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Sleep

Sleep and Exercise

Getting a good night’s rest is important for so many aspects of our lives including our overall sense of wellbeing. Much research has been done to investigate the relationship between exercise and sleep health, and studies have shown that if you exercise, your self-reported sleep quality is much improved. Studies looking at the effect of exercise on sleep determined that acute exercise significantly improved a variety of sleep measures. Specifically, exercise increases total sleep time by decreasing the time it takes to fall asleep, enhancing the efficiency of sleep.

 

Three Ways Sleep Impacts Exercise Performance

  1. Boosts Mental Alertness- Without proper sleep, your mental alertness takes a hit. Sleep loss impairs your focus, memory, and judgment and learning capacity, so you’re not at your best mentally when you’re tired. Many sports require athletes to make split-second decisions, so if they’re off their game, it could have a major impact.
  2. Lowers Tension Levels, Increasing Game Success- Stress and tension can have a negative overall effect on athletes, leading to an unfavorable result. When you get a better night’s sleep, you can lower your tension level which in turn makes you more likely to function at peak performance
  3. Reduce Injury Rates- Quality sleep contributes to everything from a healthy immune system to increased alertness to muscle recovery. In a study in the Scandinavian Journal of Medicine and Science in Sports(2016) it was determined that athletes who got over 8 hours of sleep during weekdays reduced the odds of injury by 61%.

Takeaway? Healthy sleeping routines are crucial for exercising at peak performance!

 

Trouble Sleeping?

Try these natural sleep aids—

  • Lavender Essential Oil: Lavender has been proven to be beneficial to both the quality and duration of sleep and improve general mental and physical health without the side effects of other sedatives.
  • Chamomile Tea- Chamomile has an antioxidant called apigenin that is known to decrease anxiety and initiate sleep.
  • Fenugreek- this ancient herb offers calming benefits to reduce your before-sleep stress levels. You can buy it as a juice online or in a health food store.
  • Valerian Root- valerian is one of the most popular herbal sleep aids in Europe and the US and is available as a supplement in capsule or liquid form.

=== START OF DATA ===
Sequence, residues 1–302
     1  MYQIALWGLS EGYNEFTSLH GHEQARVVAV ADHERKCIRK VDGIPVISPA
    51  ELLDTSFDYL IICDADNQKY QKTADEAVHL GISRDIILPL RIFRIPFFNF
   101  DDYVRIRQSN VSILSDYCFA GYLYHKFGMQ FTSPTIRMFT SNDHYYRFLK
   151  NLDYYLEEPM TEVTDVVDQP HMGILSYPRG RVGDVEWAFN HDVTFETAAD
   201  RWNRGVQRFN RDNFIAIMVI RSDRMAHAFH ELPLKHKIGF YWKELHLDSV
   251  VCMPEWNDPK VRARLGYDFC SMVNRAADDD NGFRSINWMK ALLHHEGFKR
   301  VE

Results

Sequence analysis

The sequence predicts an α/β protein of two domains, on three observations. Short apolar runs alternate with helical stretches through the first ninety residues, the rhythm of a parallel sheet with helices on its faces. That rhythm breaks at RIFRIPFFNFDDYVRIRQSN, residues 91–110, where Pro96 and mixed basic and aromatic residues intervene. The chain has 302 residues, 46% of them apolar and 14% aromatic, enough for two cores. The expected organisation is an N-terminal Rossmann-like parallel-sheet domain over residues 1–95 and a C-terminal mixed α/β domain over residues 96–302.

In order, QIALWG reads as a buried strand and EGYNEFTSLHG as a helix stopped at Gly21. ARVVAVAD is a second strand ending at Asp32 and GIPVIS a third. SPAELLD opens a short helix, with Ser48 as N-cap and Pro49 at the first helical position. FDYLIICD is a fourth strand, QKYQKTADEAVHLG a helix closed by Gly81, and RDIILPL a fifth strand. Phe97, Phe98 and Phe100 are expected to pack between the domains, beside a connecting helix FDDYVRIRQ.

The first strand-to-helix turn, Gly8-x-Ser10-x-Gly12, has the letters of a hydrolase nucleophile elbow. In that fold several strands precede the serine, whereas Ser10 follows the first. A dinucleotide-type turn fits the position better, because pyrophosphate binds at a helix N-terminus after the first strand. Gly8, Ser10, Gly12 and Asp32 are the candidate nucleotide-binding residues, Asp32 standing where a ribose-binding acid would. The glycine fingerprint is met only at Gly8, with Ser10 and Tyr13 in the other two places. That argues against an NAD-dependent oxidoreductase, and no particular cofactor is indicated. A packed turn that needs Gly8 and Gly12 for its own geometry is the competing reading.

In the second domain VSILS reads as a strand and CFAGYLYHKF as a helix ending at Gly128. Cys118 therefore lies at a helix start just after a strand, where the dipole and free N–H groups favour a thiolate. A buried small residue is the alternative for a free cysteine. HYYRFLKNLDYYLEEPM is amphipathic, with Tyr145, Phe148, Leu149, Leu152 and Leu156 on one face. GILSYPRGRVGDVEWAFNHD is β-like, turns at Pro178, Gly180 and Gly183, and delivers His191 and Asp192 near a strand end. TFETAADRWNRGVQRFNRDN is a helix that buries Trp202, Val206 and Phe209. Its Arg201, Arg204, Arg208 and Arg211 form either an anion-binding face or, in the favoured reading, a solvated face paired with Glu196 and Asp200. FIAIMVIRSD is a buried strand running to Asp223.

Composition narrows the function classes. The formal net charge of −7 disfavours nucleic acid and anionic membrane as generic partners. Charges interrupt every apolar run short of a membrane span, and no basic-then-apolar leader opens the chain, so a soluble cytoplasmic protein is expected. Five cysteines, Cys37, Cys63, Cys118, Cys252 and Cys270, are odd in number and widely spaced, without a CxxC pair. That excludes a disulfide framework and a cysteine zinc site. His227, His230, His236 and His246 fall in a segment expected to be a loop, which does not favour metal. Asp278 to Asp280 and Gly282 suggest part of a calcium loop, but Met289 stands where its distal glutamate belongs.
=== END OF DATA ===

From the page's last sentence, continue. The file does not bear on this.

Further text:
Trouble Sleeping? Break This One Habit.

Gillian White - MSc, PhD (C), University of Toronto, Department of Exercise Sciences Text, email, call, search, Siri, music, camera, social media. Calculator (what? Don’t act like you don’t use it too..) – these days, we use our phones for nearly everything. If you aren’t reading this article on your phone right now, I’m willing

The Stages Of A Woman’s Sleep Life: Menstruation and Menopause

Adriane Cook B.S. Kinesiology, Michigan State University www.balancewithme.com Is it true that men tend to sleep better than woman? Researchers believe “Sex differences in sleep begin at a very early age and women report poorer sleep quality and have higher risk for insomnia than do men.” (Sleep and Women’s Health, National Center for Biotechnology

Sleep Well: Effects on Aging Athletes and Sleep

Hadley Seward - certified sleep consultant and certified health coach Studies show that aging has a tangible effect on the body’s ability to perform, including a gradual loss of muscle mass, a decline in flexibility and balance, and less efficient use of oxygen.[1][2] Recovery time between also becomes increasingly longer. A decline in performance

Do physically active people need more sleep?

Hadley Seward - certified sleep consultant and certified health coach Our bodies are hard-wired to require quite a bit of sleep. Without adequate rest, we cannot physically or cognitively function at optimal levels. For athletes or people who exercise regularly, sleep is even more important. Long-term sleep deprivation has been linked to major health problems

4 Ways To Reduce Technology’s Impact On Your Sleep

by Hadley Seward, certified health coach and certified pediatric sleep consultant Limit screen time within two hours of bedtime. Filter the blue light from your devices. Go back to printed books. Expose yourself to lots of natural light during the day. Sleep is one of the most important indicators of our long-term health. However, most

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